I’m Still Here: Black Dignity in a World Made for Whiteness

I'm Still Here by Austin Channing Brown
I’m Still Here: Black Dignity in a World Made for Whiteness by Austin Channing Brown

My rating: 4 of 5 stars
Received: Publisher
Published: May 15th, 2018
Publisher: Convergent Books
Recommended Age: 14+
Pacing: Normal
Genres & Themes: Adult, Memoir, Nonfiction, Race, Social Justice, Discrimination, Religion


BLURB:

Austin Channing Brown’s first encounter with a racialized America came at age 7, when she discovered her parents named her Austin to deceive future employers into thinking she was a white man. Growing up in majority-white schools, organizations, and churches, Austin writes, “I had to learn what it means to love blackness,” a journey that led to a lifetime spent navigating America’s racial divide as a writer, speaker and expert who helps organizations practice genuine inclusion. In a time when nearly all institutions (schools, churches, universities, businesses) claim to value “diversity” in their mission statements, I’m Still Here is a powerful account of how and why our actions so often fall short of our words. Austin writes in breathtaking detail about her journey to self-worth and the pitfalls that kill our attempts at racial justice, in stories that bear witness to the complexity of America’s social fabric–from Black Cleveland neighborhoods to private schools in the middle-class suburbs, from prison walls to the boardrooms at majority-white organizations. Continue reading

Paper Butterflies – Lisa Heathfield

34007508Paper Butterflies by Lisa Heathfield

My rating: 4 of 5 stars
Received: Distributor
Published: October 1st, 2017
Publisher: Carolrhoda Books
Recommended Age: 14+
Pacing: Slow
Genres & Themes: Young Adult, Abuse, Racism, Bullying, Romance, Family, Friendship


BLURB: 

June’s stepmother physically abuses her, but June can’t find the words to tell anyone. Her only hope is her friendship with Blister, a boy who helps her believe she can escape. Then a shocking tragedy occurs and June finds herself trapped, potentially forever. Continue reading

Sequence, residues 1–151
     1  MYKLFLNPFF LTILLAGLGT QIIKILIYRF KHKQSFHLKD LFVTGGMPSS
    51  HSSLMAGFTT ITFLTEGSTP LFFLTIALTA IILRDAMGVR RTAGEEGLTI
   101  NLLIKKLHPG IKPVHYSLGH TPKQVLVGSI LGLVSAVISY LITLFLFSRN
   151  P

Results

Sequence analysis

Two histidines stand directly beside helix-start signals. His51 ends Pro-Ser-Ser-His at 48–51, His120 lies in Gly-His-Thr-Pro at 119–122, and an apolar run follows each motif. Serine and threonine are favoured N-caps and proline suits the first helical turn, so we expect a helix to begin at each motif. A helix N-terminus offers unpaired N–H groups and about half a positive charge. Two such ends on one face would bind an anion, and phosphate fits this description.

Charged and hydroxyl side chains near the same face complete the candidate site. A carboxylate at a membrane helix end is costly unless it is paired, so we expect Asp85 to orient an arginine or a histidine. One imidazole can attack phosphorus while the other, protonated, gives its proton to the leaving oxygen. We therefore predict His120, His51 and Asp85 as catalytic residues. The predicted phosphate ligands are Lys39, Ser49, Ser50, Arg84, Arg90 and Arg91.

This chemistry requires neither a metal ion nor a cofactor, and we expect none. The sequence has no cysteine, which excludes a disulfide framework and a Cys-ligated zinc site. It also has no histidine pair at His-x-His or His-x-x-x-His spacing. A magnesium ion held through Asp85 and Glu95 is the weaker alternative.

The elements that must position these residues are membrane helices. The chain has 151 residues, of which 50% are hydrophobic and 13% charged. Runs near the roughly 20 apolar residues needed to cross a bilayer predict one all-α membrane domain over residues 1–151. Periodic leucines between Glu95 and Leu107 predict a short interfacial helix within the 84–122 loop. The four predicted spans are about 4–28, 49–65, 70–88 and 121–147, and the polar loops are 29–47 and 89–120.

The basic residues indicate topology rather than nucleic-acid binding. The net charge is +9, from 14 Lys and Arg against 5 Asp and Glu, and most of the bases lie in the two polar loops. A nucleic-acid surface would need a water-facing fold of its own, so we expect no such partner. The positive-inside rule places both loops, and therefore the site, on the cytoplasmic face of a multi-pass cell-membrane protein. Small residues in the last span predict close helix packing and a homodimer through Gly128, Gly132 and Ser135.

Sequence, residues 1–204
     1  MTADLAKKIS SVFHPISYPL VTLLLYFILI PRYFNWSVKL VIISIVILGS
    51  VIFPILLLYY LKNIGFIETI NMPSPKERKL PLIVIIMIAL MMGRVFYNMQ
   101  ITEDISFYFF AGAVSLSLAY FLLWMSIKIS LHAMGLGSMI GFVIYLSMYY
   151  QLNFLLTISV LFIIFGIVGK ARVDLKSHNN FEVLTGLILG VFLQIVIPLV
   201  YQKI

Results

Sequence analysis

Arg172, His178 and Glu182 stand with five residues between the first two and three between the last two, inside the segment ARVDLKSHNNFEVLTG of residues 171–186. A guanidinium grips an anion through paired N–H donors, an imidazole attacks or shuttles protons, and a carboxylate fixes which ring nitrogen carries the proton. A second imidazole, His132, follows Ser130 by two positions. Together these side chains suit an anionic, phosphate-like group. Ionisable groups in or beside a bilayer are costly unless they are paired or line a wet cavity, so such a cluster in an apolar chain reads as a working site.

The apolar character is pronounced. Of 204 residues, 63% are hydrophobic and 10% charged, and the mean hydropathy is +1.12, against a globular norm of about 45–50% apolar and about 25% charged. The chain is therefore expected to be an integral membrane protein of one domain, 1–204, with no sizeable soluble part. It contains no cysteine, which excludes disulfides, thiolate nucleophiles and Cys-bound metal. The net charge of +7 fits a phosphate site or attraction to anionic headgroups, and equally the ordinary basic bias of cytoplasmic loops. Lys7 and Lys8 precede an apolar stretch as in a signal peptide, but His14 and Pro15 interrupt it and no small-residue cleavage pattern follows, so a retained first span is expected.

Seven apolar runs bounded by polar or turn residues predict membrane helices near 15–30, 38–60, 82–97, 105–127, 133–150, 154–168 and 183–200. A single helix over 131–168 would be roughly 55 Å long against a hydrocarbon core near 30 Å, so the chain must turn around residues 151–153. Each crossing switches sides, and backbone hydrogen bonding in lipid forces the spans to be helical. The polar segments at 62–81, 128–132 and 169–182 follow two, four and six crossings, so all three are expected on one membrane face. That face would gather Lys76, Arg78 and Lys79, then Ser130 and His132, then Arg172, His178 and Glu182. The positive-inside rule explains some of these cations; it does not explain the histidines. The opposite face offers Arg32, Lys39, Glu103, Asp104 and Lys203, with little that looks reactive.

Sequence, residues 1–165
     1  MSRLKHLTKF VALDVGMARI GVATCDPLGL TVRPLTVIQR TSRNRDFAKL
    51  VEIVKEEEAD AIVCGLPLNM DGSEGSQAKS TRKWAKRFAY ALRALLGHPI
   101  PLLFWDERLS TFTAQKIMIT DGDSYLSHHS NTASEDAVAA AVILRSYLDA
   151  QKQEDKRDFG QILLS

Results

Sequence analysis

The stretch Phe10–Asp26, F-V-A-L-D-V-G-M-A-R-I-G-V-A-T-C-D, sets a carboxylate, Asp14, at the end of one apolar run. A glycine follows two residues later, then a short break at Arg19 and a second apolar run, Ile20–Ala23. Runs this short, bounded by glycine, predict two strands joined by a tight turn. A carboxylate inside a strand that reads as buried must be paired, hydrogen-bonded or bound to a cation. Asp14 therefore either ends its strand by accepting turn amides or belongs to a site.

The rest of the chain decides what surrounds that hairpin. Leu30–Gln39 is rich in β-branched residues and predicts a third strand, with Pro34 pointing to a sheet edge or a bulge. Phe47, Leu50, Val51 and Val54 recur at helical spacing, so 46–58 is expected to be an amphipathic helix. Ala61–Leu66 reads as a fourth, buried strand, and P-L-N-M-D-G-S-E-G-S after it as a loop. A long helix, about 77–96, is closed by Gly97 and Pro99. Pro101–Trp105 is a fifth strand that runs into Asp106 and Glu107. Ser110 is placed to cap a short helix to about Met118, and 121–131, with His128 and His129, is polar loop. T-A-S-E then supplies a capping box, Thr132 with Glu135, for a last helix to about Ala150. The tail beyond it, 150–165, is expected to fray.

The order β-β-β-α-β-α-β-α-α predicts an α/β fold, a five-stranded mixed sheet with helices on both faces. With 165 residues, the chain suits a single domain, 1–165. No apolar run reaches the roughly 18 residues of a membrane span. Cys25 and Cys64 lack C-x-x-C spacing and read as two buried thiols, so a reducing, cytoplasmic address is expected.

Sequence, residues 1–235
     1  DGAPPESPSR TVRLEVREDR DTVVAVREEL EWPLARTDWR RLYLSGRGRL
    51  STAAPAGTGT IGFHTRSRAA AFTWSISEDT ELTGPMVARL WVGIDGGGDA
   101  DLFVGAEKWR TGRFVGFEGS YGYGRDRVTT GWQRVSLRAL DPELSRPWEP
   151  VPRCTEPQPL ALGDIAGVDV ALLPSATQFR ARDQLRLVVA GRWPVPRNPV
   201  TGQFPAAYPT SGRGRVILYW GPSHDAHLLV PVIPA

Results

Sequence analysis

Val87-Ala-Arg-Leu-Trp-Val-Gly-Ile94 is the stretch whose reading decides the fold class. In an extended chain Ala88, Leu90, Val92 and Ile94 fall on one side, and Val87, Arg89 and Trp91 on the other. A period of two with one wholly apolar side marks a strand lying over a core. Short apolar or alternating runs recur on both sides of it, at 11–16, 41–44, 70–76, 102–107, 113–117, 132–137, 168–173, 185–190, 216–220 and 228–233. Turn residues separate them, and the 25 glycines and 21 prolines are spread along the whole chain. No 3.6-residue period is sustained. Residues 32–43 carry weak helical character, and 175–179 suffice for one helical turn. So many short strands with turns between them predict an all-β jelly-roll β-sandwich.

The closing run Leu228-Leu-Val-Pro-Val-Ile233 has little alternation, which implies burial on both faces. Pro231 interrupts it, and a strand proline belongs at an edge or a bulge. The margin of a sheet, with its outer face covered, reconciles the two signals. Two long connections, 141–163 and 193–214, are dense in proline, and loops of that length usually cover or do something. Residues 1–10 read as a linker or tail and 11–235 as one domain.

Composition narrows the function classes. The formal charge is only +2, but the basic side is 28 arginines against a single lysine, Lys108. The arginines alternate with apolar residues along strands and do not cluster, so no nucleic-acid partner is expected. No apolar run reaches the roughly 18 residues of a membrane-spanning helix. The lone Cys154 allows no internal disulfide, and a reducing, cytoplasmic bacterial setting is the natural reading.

Lies We Tell Ourselves – Robin Talley

20579291Lies We Tell Ourselves by Robin Talley

My rating: 4 of 5 stars
Received: Borrowed
Published: September 2014
Publisher: Harlequin Teen
Recommended Age: 13+
Pacing: Fast
Genres & Themes: Young Adult, Historical Fiction, LGBT, Integration, Desegregation, High School, Racism


BLURB:

In 1959 Virginia, the lives of two girls on opposite sides of the battle for civil rights will be changed forever. Sarah Dunbar is one of the first black students to attend the previously all-white Jefferson High School. An honors student at her old school, she is put into remedial classes, spit on and tormented daily. Linda Hairston is the daughter of one of the town’s most vocal opponents of school integration. She has been taught all her life that the races should be kept separate but equal. Forced to work together on a school project, Sarah and Linda must confront harsh truths about race, power and how they really feel about one another. Continue reading